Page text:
Reflections, blasphemies, and seriously, no f*cks to give.

As I neared my fifth decade, I began to read more accounts from people of a certain age, who were taking chances and living their best lives and grasping onto really profound thoughts. They were driven by a sense of urgency and pushing past boundaries. They were attempting to live authentically and with purpose. The idea that one has less time left to live than they already have lived is sobering as fuck. I shuddered, at times, thinking that it all sounded pretty scary and daunting and more than a little depressing; as if I needed more of that particular element in my psyche, right?

Before I entered my fifties, I went through a divorce and remarried, became a grandmother, finally allowed myself to admit that I wasn’t mentally stable, and then my mother died. That event added little nuances to everything, it seemed. Forget the fact that I still had one living, breathing parent – and I use that term in the loosest sense of the word – I still felt like an orphan. Thus began two years of the undoing of my brain, when I blindly pushed forward, trying to right wrongs, do things, prove her wrong. And yet, she has been able to reach out from the grave occasionally and remind me that I was an option, not a necessity, in her life.

She never had any expectations of me, you see. She was unable to cope with a smart child with a high IQ who looked her nose down at this town and everyone and everything in it. I had deep emotions – so many of them! – tied to music and art and the written word and nobody got me. My singing, art, and writing was not considered important. The awards I received for essays; all the solos I was given in musical programs; prizes and accolades in art class; all were dismissed in an offhand way. I struggled to understand what it was that I needed to do in order to gain her approval. I wish that she had told me, back then, what she did shortly before she died. I had made the observance that nothing I had ever done was good enough for her. Her response was quietly honest: “No, I suppose it wasn’t.”


At least there was that mystery solved. Had she waxed poetic and told me she was proud of me, I wouldn’t have believed her, anyway. There’s just some shit you can never fake, and my mother was nothing if not totally, unabashedly disappointed in me.

I think she truly loved The Male Sibling Unit in a way she never could me. I was that thing she did to get my dad. It failed. He was that thing she did that ended up looking just like our dad. In a way, she won, that time. When his developmental delays were discovered, I really think that something inside her rejoiced, because now, she would never lose him. She could care for him in a way my father rejected. I know; this sounds like a sick, Shakespearean play, but wasn’t Shakepeare’s writing simply observations of reality, fleshed out onto the stage? Life itself is Shakespeare. I, for one, don’t enjoy Shakespeare, but I guess that’s because it’s just a little to depressingly real. The prose is fucking irritating, too. “Methinks the lady doth protest” packs much less of a wallop than “Woman, all you do is fucking bitch!”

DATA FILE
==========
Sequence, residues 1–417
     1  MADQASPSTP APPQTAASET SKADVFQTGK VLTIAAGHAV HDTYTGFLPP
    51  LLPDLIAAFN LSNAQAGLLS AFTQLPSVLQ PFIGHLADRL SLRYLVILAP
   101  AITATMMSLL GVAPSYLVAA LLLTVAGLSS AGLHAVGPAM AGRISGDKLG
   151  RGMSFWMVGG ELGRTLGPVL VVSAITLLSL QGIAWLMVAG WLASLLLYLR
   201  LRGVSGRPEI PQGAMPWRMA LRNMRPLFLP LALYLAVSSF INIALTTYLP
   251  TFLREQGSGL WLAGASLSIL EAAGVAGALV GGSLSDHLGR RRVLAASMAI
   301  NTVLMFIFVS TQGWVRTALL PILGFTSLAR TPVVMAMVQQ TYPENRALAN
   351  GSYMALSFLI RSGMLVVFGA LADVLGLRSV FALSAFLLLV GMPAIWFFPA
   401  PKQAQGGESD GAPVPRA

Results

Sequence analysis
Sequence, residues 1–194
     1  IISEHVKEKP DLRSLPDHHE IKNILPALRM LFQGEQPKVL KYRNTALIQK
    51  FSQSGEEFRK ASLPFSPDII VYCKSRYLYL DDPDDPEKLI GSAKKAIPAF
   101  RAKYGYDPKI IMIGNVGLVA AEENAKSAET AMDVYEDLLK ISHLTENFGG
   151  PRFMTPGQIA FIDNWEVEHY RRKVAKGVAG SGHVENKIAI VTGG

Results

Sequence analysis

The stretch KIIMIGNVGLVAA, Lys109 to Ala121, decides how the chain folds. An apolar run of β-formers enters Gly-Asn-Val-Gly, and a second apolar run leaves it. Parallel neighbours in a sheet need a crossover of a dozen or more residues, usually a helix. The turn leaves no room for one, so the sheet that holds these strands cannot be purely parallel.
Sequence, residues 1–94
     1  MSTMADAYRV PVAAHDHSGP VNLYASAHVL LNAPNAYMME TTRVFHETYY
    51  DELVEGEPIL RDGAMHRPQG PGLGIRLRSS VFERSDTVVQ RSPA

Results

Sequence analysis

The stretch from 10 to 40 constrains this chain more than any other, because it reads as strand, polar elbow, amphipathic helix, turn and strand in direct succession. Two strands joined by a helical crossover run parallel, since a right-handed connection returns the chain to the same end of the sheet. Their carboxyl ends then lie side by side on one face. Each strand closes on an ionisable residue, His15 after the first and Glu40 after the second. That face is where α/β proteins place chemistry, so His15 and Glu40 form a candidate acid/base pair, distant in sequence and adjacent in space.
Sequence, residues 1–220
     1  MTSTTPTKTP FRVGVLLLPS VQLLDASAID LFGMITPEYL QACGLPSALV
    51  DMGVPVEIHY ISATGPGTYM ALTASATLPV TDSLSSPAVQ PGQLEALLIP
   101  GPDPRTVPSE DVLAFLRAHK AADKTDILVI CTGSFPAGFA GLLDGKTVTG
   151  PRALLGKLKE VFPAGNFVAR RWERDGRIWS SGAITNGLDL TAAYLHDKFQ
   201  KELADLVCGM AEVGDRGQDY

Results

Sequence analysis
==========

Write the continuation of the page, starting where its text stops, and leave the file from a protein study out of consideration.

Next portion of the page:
Lately, since entering this oh-so-giving of decades (giving of new aches and pains, giving not one single fuck about anything, giving of courage, and of realism) I have wondered what it might have been like, had she loved me the way she did him. His life was fraught with so many obstacles in the beginning that we sort of joined forces to make things good for him. Education, special outings and programs, toys, foods, you name it. He enjoyed the sort of childhood every parent wants to give their child, because it was crucial that he fit in as much as possible and that every opportunity be given to him. It was important to enrich life and to show him how valued and cherished he was. There was no obstacle he could not overcome.

In his own way, he has become exactly what one wants to be: uniquely and unquestioningly himself. He has enjoyed every opportunity and lived quite a full life for someone with his disabilities. He has been fortunate in that he knows he has disabilities, but they are in no way limitations. He lives his life brazenly, out there and with no regrets. He has love, and social enrichment, and everything he could ask for, materialistically. He has a good life; indeed, he expects it.

I envy that.

When I was in the 9th grade, my best friend talked me into trying out for flag corp. This was a division of the high school marching band, which was, back then, nationally-acclaimed. I was not a “joiner” in the literal sense of the word. I did things my way, listened to my own music, followed my own beat. I had friends, but I only let them in so far. My bestie and I were as close as two girls could be, even though her family was well-to-do and mine wasn’t. She never judged me, and I learned that it wasn’t always good times just because one had a mom and dad and a nice house and some money.

I coulda been a contendah.

We sweated and worked and practiced for four days, learning a routine to Styx’s “Rockin’ The Paradise”. I was never a dancer, or graceful, and it was quite a momentous thing for me to memorize a flag/dance routine and not look like a fumbling, stumbling idiot in the process. I was taking quite a chance, socially; I had yet to make my mark on my classmates as that dark-witted, sarcastic side-talker who ridiculed teachers under her breath , but managed to be an amazing writer, singer, and artist, got good grades, and lived in the Explore Room most of the time. I was yet to be the girl just a couple of votes shy of being voted “Funniest” in my Senior year.